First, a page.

As you’ve probably heard by now, Stan Lee died yesterday at the age of 95. Many have eulogized Lee as a “comics legend,” and that’s wholly fair. As a writer, editor, publisher and eventually chairman of Marvel Comics, he created or co-created some of the world’s most famous superheroes and helped redefine the genre itself. (I wrote a little about that here.) But his influence well surpasses the world of comics. In fact, he’s one of the prime architects of pop culture itself.
Born Stanley Martin Lieber, Lee at first wanted to write the next Great American Novel. But first, he needed a job. He found one in 1939 at Timely Comics, which would ultimately become Marvel.
Producing comic books wasn’t exactly a glamorous industry at the time, and Lee’s work there wasn’t glamorous, either. “In those days [the artists] dipped the pen in ink, [so] I had to make sure the inkwells were filled,” he told the Los Angeles Times in 2009. “I went down and got them their lunch, I did proofreading.” He wrote his first story in Captain America Comics in 1941, titled “Captain America Foils the Traitor’s Revenge.” (It marked the first time he ever called himself Stan Lee, too.)
But Lee wouldn’t truly make his mark until the 1960s. Rival DC Comics had successfully launched the Silver Age of Comic Books by introducing Martian Manhunter and reimagining old Golden Age heroes such as Green Lantern and the Flash. Marvel wanted in on that action, and they turned to Lee to get it. Lee promptly teamed with Jack Kirby to create the Fantastic Four, and the two would go on to collaborate on some of superherodom’s most enduring heroes. Most of the Avengers we know today—Iron Man, Hulk, Black Panther and Thor, for starters—were created by Lee and Kirby. Lee paired with Steve Ditko to make Spider-Man and Doctor Strange. He and Bill Everett cobbled together Daredevil.
Moreover, Lee helped make these superheroes a little more human—more down-to-earth, if you will. And that helped broaden the characters’ appeal. Wrote comic historian Peter Sanderson:
Marvel was pioneering new methods of comics storytelling and characterization, addressing more serious themes, and in the process keeping and attracting readers in their teens and beyond. Moreover, among this new generation of readers were people who wanted to write or draw comics themselves, within the new style that Marvel had pioneered, and push the creative envelope still further.
All that would’ve been legacy enough, of course. But the Marvel that Lee created wasn’t done yet—not by a longshot. In some ways, it hadn’t really even started yet. Soon, these superheroes began branching out into different forms of media and entertainment. As a kid, I loved watching Spider-Man on The Electric Company. As I got older, I bought a Spider-Man “web spinner” with my very own money. (My mom took it away from me after I got hard-to-clean-up webbing on our China hutch). I tuned into a short-lived Spider-Man television show. As a bill-paying adult, I rode The Amazing Adventures of Spider-Man ride at Universal Studios in Orlando, Florida.
For years, Spider-Man was the behemoth that drove Marvel’s outside entertainment ventures. And arguably, it was 2002’s Spider-Man movie that launched the superhero movie genre that dominates cinema today.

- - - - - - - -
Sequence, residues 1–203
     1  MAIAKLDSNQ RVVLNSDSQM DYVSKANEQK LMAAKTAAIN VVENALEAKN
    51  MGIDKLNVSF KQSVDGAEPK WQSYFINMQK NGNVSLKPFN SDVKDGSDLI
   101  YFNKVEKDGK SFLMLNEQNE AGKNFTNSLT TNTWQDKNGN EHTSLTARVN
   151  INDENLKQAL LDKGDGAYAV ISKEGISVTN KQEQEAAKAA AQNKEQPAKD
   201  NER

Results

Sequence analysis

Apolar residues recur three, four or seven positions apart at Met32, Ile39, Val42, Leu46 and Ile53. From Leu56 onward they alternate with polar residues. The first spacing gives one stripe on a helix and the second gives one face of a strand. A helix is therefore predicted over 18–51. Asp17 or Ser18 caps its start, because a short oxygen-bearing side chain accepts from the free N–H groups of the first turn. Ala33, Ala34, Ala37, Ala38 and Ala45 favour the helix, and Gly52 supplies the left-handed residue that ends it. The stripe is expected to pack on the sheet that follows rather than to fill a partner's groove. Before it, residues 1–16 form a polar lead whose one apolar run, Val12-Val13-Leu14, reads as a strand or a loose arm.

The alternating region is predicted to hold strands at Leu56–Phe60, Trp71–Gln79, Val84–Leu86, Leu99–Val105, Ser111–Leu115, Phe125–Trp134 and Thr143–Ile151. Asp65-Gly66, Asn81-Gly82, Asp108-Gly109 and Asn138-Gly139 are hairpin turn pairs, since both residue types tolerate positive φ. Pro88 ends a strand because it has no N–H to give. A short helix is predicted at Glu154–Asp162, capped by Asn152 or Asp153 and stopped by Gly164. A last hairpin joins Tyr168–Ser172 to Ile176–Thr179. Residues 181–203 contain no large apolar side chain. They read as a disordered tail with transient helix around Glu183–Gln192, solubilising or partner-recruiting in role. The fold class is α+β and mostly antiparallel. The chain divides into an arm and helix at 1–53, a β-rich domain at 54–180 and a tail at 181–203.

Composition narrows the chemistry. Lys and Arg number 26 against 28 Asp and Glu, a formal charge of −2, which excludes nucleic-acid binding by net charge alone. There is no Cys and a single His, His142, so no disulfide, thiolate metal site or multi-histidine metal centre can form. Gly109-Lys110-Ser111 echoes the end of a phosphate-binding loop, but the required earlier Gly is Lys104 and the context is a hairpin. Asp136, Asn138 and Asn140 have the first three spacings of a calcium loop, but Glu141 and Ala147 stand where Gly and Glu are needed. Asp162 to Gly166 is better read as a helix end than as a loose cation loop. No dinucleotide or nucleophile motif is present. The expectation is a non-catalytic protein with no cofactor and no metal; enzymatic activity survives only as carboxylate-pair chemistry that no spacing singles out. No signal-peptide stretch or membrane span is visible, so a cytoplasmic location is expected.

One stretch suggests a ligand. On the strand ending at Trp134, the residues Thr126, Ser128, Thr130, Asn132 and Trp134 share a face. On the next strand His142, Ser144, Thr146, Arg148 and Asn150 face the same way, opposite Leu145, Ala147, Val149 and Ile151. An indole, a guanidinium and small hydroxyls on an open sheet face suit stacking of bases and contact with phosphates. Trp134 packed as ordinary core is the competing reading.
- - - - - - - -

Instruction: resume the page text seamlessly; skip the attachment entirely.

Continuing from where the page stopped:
At the time of Spider-Man’s release, most of the rest of Marvel’s stable of superheroes was little known outside the world of comics. Sure, Hulk had some fans and the X-Men were reasonably popular, but Iron Man? Hardly anyone had heard of this Lee creation until 2008, when Marvel—sick of handing its creations to other studios to mangle and make money off of—released a little flick that starred Robert Downey Jr. as the titular superhero. More than $300 million later, the Marvel Cinematic Universe was off and running.
Lee continued to play a part in that cinematic universe—quite literally. His cameos became beloved little Easter eggs for each new installment.
And the movies themselves … well, just look at the box office: Black Panther and Avengers: Infinity War—both stuffed with Lee creations—land at No. 1 and No. 2 this year in North America. (If you count overseas money, the order flips, with Infinity War at No. 1.) Four more superhero movies (Incredibles 2; Deadpool 2; Ant-Man and the Wasp; Venom) land in the top 10, inheritors of Lee’s groundbreaking legacy—just this year alone. Overall, Disney’s Marvel Studios have made $18 billion in the last 10 years, powered largely by Lee’s superheroes: (That’s twice what the Star Wars franchise has made over the same time frame, incidentally.) Add in the Marvel movies made by other studios, and Marvel’s been responsible for $30 billion in worldwide earnings at the box office.
And that doesn’t count the money made by the various iterations made for television or video games. Or all the toys and toothbrushes sold with Spider-Man or Thor on them. Or, of course, the comics themselves, which is still a billion dollar industry.
For years, Lee was a little ashamed of his work. He wanted to write the Great American Novel, after all. But, according to a statement on Marvel’s site, he eventually came to another conclusion:
And then I began to realize: entertainment is one of the most important things in people’s lives. Without it, they might go off the deep end. I feel that if you’re able to entertain, you’re doing a good thing.
The impact Lee has had on our lives is far greater than he would’ve had had he settled in to write the Great American Novel. He’s one of the prime architects of pop culture, really. We live in Stan Lee’s world.